Today’s guest post was written by Ed Myers.
ON FLYING TURTLES
Ed Myers (Bryson City, NC)
My Papaw was an average grandparent from rural East Tennessee, meaning he could spin a tale or two (perhaps even some that were true), chewed tobacco from a pressed plug and steak with a toothless mouth, enjoyed a swing or three on the blue-flaked porch of his modest home…and loved his grandkids without reservation.
He did the usual things such grandpas do. He slipped us pin-knives just about every time we visited (which our mother promptly confiscated and flushed down the toilet). He gave us four brothers a taste of his chaw…ah, the poisonous medicine of childhood. And, he let us sample his once a month veteran’s disability ‘shine…another poisonous medicine not soon to be retaken, thank God!
He shared-cropped an experimental farm for the University of Tennessee on the banks of the Tennessee River, not far from his home on what is now the edge of the swankier part of inner Knoxville. He, or rather my Granny, raised eight kids, him being the ninth. And, among other hobbies of necessity to a poor and rich, close and extended family, he, along with my uncles, caught turtles in nearby Tyson Creek.
They did this by screwing eye bolts spaced about a foot apart into whatever log happened to be laying about, tying strong cord to them along with good stout hooks, and baiting each with chicken necks or other rough meat. They then laid the log across the creek and waited a day to see what came to dinner (ours). Sometimes, their bait would snag a good sized flathead cat, but most of the time, it was turtles, mud or snapping turtles and soft-shelled turtles being what the creek had to offer in abundance.
When the harvest was good, they lay the turtles on their backs, poured scalding water on them to loosen their flesh, chopped off their heads (or was that before the dousing?), and deep fried the meat (yes, it does taste somewhat like chicken, as do many deep fried meats; that is, they taste deep fried). Served alongside boiled corn, homemade yeast-risen dinner rolls, ice-cold watermelon, tart summer pie made from apples picked right off the trees, and other sundries, it made for a fine meal on many a sunny Sunday afternoon.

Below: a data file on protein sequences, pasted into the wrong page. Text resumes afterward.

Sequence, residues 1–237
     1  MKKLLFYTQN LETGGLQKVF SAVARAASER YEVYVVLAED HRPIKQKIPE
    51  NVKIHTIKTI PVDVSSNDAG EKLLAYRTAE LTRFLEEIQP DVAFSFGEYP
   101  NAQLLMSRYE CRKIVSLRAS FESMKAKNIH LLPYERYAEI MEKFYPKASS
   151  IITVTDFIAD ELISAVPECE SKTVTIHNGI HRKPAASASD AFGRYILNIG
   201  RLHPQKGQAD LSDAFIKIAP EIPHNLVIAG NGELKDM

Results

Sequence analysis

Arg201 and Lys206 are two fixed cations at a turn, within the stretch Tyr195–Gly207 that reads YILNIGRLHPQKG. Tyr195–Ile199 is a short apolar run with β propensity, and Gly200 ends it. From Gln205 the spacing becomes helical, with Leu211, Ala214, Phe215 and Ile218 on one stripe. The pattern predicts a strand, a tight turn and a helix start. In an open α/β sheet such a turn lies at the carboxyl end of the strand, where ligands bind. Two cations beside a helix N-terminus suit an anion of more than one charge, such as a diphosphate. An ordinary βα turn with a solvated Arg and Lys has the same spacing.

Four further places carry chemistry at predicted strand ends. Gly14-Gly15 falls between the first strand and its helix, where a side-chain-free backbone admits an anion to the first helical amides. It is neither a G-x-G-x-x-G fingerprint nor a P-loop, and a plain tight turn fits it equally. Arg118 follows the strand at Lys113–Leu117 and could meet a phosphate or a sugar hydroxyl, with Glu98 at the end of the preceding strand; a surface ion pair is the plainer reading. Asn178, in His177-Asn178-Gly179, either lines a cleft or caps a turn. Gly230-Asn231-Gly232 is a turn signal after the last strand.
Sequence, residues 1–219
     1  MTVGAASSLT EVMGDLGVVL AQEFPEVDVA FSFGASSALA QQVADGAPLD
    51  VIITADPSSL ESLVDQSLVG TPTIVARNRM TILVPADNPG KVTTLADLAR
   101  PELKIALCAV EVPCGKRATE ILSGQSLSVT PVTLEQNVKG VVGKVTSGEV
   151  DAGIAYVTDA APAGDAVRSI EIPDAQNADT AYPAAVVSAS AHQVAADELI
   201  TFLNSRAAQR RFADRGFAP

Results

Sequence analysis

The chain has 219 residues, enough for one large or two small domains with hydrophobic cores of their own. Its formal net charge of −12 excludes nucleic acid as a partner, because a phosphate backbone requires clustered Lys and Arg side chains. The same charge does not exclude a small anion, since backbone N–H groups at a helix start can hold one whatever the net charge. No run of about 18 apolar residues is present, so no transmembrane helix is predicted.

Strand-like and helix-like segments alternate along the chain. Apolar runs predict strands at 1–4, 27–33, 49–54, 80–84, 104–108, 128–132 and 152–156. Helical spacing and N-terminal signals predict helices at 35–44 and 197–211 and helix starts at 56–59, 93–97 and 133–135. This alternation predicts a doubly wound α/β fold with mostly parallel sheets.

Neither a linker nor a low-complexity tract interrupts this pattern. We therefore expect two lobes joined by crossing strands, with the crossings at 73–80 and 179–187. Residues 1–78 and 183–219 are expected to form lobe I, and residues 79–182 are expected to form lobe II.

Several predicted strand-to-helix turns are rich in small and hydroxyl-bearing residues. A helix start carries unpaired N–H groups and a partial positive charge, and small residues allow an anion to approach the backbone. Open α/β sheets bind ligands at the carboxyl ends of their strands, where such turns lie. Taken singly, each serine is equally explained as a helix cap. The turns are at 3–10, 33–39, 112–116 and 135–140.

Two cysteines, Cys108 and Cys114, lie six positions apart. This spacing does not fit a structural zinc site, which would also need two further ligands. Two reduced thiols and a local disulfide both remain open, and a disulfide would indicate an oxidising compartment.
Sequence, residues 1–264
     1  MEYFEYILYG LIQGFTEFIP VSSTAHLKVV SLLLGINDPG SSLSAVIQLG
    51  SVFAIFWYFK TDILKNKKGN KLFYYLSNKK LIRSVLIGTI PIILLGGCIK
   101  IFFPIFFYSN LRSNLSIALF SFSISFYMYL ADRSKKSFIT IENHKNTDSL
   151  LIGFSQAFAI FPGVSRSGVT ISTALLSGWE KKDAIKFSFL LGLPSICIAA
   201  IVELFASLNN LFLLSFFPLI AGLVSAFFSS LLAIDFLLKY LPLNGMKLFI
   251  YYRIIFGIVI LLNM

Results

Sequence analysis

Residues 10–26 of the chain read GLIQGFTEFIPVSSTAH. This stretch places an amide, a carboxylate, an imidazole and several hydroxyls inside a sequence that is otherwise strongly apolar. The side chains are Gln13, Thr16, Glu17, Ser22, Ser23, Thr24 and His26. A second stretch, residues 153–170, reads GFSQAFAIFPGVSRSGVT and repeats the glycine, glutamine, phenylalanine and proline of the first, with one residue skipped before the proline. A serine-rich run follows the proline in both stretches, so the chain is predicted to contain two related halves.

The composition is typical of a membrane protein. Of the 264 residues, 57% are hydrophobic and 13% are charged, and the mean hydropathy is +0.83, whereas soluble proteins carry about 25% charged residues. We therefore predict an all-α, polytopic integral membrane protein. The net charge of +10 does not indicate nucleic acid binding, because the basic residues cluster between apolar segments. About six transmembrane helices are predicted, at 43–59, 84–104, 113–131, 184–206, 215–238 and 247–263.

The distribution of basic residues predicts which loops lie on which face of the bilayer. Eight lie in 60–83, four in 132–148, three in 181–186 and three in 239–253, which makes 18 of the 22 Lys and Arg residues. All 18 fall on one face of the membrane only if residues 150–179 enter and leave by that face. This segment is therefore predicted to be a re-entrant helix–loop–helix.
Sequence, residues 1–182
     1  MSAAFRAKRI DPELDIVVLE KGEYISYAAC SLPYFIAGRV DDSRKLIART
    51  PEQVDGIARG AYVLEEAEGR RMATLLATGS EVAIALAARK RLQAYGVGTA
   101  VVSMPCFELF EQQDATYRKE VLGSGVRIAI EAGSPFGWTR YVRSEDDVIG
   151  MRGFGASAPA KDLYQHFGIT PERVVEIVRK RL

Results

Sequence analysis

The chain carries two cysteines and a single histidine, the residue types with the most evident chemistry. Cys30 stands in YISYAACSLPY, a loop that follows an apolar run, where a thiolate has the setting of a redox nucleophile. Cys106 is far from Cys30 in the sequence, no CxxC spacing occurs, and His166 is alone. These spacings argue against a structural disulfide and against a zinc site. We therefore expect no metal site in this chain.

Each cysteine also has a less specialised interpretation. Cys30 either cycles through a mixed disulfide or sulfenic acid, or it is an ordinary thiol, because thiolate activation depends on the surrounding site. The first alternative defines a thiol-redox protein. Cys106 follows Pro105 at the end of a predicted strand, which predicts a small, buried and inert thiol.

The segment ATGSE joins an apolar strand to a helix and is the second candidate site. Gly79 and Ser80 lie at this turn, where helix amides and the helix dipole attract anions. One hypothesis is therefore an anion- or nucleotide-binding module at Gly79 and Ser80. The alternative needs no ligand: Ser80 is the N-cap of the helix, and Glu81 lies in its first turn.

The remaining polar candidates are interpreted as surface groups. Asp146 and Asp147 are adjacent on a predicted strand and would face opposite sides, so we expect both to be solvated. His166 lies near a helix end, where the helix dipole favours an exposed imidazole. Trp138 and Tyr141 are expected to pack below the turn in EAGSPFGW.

Sometimes, however, when my Papaw was feeling particularly impish and had a new grandkid/niece/nephew/cousin/what-have-you to impress, he would put back the largest turtle and teach them how to pilot it and fly.
I remember my initiation well.
Again, it was a sunny day, as it always seemed to be when we were with him. The sacrificial turtle was a true monster to a six-year-old’s eyes. 25 pounds of pre-historic fury encased in a huge, rough overlapping shell, dragging a long, scaly dinosaur tale and clawing with claws that would make a bad witch cringe. To complete the picture, add flaming red eyes, a long neck as thick as a small fist that could twist ‘round to the middle of its back and a sneering beak so sharp it could and did break slender sticks like, well, six-year-old little boy bones.
When all this terror could be fully appreciated by his tiny audience, my Papaw began to lie and lie some more, telling us that if a little boy or girl could perch on the turtle’s back, just shy of its snapping head, and hold on for dear life, it could be made to do his or her bidding, including, but not limited to, taking wing (where those were, I never could tell) and flying, carrying its passenger to far off lands (at least as far as the neighbor’s yard, three houses down). All you had to do was reach back and grab that thrashing tail to guide your flight and away you’d go.
Now, even at six, I was not so gullible as to think a turtle could fly, let alone with a boy on its back. But, when I looked into my grandfather’s weathered, sky-blue eyes and heard only his voice guiding me through my fear, I’ll be damned if I didn’t take off and soar.
The ride didn’t last long. The turtle soon tired of digging in the grass and snapping at its burden. The little boy woke from his grandpa’s enchantment, stepped back into the shade of a flowering mimosa and returned to earth.
To this day, I have to ask myself whether it did or didn’t happen, just like I’ve said. To this day, I know it did, and I know it didn’t.
But, Lord, what a wonderful ride!
I hope you enjoyed Ed’s story as much as I did-it reminded me of my own Papaw and Uncles teasing me when I was a kid. Like Ed-I knew I shouldn’t believe their tall tales but at the same time I couldn’t not believe them either.
Leave Ed a comment and I’ll make sure he reads it.